The other characters don’t fare much better. There are the usual NGNL levels of perversion, this time around involving the fantasy vampires and mermaids we see here. The fact that the dhampirs can suck bodily fluids other than blood is (pardon me) milked for all it’s worth, and the Sirens are succubuses whose lack of foresight and intelligence had better be undercut when we reach Volume 5 or I’m going to be pissed off. You don’t right an entire race of bimbos anymore just because it’s fun. And then there’s Ino, the old Werebeast grandpa, whose response in regards to winning the datesim was… memorable, but I’m not sure I get the manly part, and he was also used as a sexual gag regarding all the women he’d bedded over the years.

There is one bright spot in this volume, and that was the first scene with Steph, who has been left behind to deal with the kingdom while Sora and Shiro are negotiating with the Shrine Maiden. Having been forced to play against the two for thousands of games, and losing every single time, Steph has actually become scarily good at games, particularly the card games we saw her failing at in the very first volume. Of course, she’s not aware of this – she’s constantly trying to compare herself to Sora and Shiro, rather than, say, the average citizen. We are also reminded why Sora and Shiro left her there in the firt place – she’s really good at running a country, something they would be terrible at. Sadly, she then goes back to being a figure of mockery for most of the book, but that one brief shining moment was excellent.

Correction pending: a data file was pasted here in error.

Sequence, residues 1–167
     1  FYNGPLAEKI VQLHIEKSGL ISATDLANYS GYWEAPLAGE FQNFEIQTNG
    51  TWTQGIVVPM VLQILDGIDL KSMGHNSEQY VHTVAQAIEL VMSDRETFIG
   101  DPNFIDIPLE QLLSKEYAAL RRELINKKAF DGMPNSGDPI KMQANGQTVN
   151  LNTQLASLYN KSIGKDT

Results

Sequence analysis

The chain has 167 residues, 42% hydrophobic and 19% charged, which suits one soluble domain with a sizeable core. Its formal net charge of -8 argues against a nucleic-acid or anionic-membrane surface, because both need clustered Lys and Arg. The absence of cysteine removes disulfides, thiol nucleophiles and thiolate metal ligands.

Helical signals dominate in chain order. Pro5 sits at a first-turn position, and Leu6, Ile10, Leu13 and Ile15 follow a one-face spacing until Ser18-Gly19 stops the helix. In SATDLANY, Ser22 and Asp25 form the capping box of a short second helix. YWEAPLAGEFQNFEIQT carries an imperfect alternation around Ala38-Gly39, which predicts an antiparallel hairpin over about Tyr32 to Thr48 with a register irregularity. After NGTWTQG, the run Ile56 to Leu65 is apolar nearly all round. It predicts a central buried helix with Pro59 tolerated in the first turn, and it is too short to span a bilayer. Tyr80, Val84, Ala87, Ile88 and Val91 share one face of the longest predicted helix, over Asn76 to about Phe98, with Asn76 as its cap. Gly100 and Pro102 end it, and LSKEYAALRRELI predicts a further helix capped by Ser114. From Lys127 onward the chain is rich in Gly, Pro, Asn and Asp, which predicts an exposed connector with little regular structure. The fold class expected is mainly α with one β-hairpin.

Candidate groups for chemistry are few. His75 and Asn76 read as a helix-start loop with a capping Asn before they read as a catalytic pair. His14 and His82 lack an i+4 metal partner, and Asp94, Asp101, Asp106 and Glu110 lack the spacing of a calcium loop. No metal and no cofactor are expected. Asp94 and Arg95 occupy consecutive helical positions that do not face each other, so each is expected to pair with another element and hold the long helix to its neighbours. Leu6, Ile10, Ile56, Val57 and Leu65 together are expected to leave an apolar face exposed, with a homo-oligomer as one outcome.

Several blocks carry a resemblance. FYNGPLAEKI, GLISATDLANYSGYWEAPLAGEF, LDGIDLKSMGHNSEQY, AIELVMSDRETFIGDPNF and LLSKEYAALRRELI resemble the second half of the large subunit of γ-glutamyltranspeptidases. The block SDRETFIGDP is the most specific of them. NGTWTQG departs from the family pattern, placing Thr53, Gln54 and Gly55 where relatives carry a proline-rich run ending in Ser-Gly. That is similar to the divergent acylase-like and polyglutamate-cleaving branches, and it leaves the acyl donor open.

It’s possible the next volume will turn this around. As I said, it is a two-parter of sorts. But I must admit that after reading this volume of NGNL I just felt tired.